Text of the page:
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Normally, I dig “My Bloody Valentine” out of mothballs for Valentine’s Day if I get the opportunity. However, as much as I enjoy seeing a woman’s blood-soaked remains spilling out of a Laundromat’s tumble-dryer, I couldn’t pass up the chance to watch something a little more serious, & a lot more disturbing.

Inspired by a true incident previously showcased in such films as “Ecstasy of the Angels” & “Hikari No Ame” (“Rain of Light”), & funded by its college-student creators working on building sites & even volunteering for clinical drug trials, “Kichiku Dai Enkai” (“Banquet of the Beasts” - http://www.mandiapple.com/snowblood/kichikudaienkai.htm) is, perhaps, best known for containing scenes of total madness & unadulterated brutality. It’s a bit difficult to describe the plot of the film; that is to say, at times there doesn’t seem to be a whole lot going on. However, the subtext of certain moments in which action is absent actually speaks volumes to the viewer about just how much is going on, in terms of the unspoken tension brewing beneath the surface. Like the characters in works ranging from Jean-Paul Sartre’s “No Exit” to George Romero’s “Night of the Living Dead”, isolated from all but each other, this assemblage, too, is destined to implode.

There is a stark sense of realism to “Kichiku” that may not be on a par with “The Blair Witch Project”, but which is thoroughly credible & at the same time nostalgic, an echo of the era in which it is set rather than in which it was made, a 1970s atmosphere not unlike “The Texas Chainsaw Massacre” or “Last House on the Left”. The 70s were an apparently tumultuous period in Japan which gave rise to militant student protest groups. One such group is the focus of the film; its leader, a young man named Aizawa, is in jail - for what, it’s never said, though it’s likely something to do with the group’s activities. He tells Fujiwara, a friend he made in prison who has been released, where to find the group, & to go visit them. Fujiwara agrees.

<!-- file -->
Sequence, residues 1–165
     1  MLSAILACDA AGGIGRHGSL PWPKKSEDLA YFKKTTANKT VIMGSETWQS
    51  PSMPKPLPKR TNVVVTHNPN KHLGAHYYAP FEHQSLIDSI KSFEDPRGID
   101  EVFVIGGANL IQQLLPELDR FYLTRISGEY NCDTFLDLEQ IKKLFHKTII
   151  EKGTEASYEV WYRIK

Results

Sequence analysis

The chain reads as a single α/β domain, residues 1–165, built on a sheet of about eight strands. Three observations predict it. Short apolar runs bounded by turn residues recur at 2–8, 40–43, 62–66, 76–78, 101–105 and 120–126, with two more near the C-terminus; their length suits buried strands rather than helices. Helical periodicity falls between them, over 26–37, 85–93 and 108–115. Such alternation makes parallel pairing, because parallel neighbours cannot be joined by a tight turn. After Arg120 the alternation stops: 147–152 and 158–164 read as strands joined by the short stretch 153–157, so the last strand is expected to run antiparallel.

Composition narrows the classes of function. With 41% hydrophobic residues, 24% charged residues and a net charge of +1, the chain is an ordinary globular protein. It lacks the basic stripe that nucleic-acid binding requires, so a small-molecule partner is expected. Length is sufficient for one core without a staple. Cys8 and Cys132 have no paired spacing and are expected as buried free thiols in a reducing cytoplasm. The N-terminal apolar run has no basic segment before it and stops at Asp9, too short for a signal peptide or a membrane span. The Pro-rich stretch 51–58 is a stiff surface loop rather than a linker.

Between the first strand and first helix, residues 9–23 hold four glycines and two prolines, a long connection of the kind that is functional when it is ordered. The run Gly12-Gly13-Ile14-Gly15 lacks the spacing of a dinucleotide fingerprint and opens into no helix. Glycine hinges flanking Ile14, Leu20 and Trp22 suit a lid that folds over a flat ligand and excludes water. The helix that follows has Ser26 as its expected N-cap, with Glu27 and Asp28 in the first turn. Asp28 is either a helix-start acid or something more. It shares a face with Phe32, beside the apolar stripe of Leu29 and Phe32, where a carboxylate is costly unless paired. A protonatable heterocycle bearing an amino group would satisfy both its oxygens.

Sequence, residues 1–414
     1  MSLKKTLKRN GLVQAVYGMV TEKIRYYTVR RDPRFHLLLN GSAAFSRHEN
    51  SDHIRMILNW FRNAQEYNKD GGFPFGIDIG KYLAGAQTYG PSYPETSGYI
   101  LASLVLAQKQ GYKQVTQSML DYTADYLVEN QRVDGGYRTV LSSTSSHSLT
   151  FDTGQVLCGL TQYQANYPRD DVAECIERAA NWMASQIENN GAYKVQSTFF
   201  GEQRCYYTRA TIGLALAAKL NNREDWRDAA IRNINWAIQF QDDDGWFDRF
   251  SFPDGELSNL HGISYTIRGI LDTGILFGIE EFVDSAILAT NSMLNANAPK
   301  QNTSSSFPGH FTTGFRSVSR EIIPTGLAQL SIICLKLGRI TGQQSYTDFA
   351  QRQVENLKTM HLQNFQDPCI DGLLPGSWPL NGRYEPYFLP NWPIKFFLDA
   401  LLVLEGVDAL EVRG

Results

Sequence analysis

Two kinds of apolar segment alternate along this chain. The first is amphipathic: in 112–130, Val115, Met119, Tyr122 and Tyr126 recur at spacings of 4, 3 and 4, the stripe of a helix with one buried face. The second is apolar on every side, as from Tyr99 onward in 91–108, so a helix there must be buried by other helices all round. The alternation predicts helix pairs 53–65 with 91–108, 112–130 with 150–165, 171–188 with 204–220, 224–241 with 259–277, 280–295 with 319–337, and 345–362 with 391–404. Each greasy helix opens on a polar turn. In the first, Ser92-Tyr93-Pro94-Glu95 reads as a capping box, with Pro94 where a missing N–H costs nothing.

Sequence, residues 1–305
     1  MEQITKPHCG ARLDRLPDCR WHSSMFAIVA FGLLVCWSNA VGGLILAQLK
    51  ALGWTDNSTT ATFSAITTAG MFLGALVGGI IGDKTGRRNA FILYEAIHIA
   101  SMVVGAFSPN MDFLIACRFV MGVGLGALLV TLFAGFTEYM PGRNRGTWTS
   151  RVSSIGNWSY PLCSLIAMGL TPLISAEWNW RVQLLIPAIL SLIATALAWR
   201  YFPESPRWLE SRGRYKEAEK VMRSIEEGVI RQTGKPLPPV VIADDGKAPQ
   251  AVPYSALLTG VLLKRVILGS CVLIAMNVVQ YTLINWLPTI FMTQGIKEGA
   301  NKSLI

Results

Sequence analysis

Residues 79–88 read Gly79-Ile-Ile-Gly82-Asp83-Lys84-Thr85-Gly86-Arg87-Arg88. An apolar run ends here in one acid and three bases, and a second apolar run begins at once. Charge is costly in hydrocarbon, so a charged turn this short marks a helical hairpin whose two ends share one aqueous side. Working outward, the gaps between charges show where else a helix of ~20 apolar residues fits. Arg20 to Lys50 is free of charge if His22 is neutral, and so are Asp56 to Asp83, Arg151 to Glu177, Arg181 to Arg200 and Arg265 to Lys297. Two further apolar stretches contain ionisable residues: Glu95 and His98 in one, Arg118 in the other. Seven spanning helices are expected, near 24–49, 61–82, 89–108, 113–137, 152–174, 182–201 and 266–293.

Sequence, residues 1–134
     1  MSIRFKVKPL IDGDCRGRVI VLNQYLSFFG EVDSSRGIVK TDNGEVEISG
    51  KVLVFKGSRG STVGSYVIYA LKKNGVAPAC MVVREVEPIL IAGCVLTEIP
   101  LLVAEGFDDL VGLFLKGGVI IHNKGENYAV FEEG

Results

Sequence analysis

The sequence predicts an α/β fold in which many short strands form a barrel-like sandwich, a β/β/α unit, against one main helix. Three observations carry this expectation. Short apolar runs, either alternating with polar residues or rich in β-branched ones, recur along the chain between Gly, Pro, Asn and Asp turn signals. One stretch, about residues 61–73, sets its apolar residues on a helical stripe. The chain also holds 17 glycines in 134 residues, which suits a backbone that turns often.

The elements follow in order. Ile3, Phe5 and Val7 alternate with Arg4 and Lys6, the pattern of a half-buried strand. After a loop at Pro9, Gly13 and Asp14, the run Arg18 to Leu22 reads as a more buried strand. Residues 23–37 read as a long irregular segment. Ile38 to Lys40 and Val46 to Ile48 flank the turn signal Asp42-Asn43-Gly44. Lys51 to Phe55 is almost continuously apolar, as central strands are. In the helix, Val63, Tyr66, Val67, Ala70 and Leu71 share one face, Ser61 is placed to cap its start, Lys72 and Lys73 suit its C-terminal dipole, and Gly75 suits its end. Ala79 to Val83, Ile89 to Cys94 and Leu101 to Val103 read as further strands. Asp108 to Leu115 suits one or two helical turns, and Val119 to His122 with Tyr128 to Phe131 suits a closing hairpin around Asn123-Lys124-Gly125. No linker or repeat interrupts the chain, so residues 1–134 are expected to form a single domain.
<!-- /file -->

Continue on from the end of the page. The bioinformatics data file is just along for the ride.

With Aizawa incarcerated, it is left to his girlfriend, Masami, to lead the group until his return. Masami is an unmitigated bitch who uses her feminine wiles to assert herself & to retain control of the all-male group. The first time we see her, in fact, she is engaged in sexual congress with group member Yamane. But soon after, when he bad-mouths Aizawa, & later tries to unite the other group members against Masami, not only does she threaten to tell Aizawa (who, it is said, has “a kind of charisma” that can subdue even edgy types like Yamane), but the others refuse to stand with him, & Yamane leaves.